Golden State Warriors coach Steve Kerr says Stephen Curry’s approach to basketball reminds him of tennis great Roger Federer.
Curry wrote another gilded chapter to his glittering career on Friday, delivering a breathtaking 43-point display to haul the Warriors back into NBA Finals contention with a series-leveling victory over the Boston Celtics.
It was the sort of iconic performance that will go down in NBA history, a dazzling reminder of why Curry is regarded as one of the greatest players of all time.
For Kerr, Curry’s latest masterpiece brought back memories of an encounter between the Warriors and 20-time grand slam champion Federer in Shanghai five years ago.
“We actually met Federer a few years ago in China when we played in Shanghai. He came and spoke to our locker room, and Draymond (Green) asked him, he said, ‘How have you been doing this for 20 years?’,” Kerr recalled on Sunday.
“And his answer was just simple, yet profound. He said, ‘I love my daily ritual.’ He said, ‘I get up, make my kids breakfast, drop them off at school, go train and I’ve figured out the right training methods to keep me in the best position at my age. I love competing.’ He said, ‘But every single day, I put my head on the pillow at the end of the day and think, man, what a great day.’
“So I think of Steph a lot when I think of that story from Roger Federer. Very, very similar just sort of zest for life and just joy for the process.”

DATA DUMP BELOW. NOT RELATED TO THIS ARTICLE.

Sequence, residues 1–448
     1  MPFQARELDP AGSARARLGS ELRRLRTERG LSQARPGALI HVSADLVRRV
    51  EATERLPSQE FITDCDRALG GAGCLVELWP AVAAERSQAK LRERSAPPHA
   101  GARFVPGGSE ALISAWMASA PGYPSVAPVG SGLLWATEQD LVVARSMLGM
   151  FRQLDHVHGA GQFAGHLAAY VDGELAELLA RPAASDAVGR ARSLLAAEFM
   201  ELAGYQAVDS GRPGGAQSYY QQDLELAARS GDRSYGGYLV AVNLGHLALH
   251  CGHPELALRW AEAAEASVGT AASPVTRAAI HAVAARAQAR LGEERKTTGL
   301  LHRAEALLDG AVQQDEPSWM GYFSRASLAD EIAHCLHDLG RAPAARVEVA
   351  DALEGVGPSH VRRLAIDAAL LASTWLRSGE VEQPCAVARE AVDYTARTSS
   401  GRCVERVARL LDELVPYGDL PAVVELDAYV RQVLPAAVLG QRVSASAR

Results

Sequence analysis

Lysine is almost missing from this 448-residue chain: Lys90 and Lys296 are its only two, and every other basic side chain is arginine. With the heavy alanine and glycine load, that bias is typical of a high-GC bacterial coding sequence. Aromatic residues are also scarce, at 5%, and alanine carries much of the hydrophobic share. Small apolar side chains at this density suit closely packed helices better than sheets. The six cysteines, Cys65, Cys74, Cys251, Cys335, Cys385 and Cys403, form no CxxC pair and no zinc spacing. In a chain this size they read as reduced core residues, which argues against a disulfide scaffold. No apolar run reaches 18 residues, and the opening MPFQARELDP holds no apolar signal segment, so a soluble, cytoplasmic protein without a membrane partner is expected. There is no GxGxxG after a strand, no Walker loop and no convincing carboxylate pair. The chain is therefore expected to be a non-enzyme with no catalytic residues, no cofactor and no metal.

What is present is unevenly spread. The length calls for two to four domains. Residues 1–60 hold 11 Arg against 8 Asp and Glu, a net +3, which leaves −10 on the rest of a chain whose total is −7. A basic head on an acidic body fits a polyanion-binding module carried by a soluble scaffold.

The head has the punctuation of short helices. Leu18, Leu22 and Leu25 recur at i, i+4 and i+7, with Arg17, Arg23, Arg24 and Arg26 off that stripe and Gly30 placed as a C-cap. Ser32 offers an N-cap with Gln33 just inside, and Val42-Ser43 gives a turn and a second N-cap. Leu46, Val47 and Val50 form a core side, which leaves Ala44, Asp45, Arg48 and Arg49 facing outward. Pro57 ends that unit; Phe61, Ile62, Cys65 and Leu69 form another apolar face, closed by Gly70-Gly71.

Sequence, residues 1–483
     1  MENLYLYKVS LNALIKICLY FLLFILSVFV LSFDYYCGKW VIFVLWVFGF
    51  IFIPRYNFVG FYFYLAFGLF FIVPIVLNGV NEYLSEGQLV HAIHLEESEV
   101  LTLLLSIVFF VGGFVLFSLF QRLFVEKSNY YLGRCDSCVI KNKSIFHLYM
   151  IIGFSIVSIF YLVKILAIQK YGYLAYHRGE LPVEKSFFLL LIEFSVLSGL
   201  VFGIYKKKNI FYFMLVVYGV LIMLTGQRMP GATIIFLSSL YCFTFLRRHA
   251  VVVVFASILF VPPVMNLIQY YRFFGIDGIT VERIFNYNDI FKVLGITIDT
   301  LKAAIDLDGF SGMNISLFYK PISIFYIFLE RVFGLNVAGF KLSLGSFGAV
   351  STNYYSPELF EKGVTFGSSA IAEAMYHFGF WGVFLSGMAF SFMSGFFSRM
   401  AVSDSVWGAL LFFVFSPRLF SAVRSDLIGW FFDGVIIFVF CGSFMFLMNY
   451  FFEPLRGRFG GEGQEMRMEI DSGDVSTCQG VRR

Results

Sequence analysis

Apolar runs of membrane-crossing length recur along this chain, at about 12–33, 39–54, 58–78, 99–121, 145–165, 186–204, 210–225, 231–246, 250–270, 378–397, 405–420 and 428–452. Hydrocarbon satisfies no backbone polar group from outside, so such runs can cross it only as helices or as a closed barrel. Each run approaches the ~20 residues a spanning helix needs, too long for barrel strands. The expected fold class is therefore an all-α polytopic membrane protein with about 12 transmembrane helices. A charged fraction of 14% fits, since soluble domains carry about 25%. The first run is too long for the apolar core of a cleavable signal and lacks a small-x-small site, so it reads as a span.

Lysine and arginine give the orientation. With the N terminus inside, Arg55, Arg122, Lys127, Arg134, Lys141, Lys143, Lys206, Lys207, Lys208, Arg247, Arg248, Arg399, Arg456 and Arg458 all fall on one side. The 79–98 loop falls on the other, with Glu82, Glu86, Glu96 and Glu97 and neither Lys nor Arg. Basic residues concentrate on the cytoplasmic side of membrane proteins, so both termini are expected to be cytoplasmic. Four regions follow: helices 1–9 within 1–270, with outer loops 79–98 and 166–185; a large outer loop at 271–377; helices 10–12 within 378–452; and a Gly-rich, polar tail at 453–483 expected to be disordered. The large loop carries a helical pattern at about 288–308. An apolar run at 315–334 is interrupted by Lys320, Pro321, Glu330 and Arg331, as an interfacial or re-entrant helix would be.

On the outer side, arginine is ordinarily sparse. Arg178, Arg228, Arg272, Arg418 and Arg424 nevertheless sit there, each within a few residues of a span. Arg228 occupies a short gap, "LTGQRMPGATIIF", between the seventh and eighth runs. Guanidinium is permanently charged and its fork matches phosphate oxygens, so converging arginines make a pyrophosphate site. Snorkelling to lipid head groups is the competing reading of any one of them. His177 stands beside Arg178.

Curry, 34, will be back on home court for game five on Monday, attempting to help Golden State grab a 3-2 advantage in the best-of-seven series.
‘Like a metronome’
Curry’s performances so far in the series have left him as Golden State’s front-runner for the NBA Finals MVP award, an accolade which would fill one of the few holes on his CV.
While Curry’s remarkable fitness has enabled him to peak during the finals, Kerr is not surprised that the veteran is in prime physical condition.
“His routine, it’s like a metronome. Every day, it’s the exact same thing. He’s in the training room, he’s in the weight room, he’s on the court. It’s clockwork,” Kerr said.
“But there’s also a sense of joy and energy within that work.
“I think that’s one of the things that ties all great athletes together, like talking about the superstar athletes, the Roger Federers of the world, the Steph Currys of the world. There’s a routine that not only is super-disciplined but it’s really enjoyed each day.
“There’s a passion that comes with it, and that’s what sustains it over time. When you love something like those guys do, you work at it, you get better and you just keep going.
Curry meanwhile says simply that his form is down to his appetite for hard work.
“I love to work,” he told reporters on Sunday. “You kind of get lost in the sessions you have on the court in practice, in the weight room, wherever it is, because you know it’s going to lead to you being as prepared as possible for those games.
“Try to have as much fun as possible. Days that you want to get up and do the work, the days that you don’t, days you’re tired, all that type of stuff.
“But it’s all just built on my approach from the time I started and just trying to carry that every year for as long as I can.
“Win, lose, whatever it is, however you play, you have to keep coming back to the well to keep sharpening the toolkit and finding ways to evolve your game. The hardest part of what we do is the grind of the year-long prep that it takes to be great at this level.”
Inputs from AFP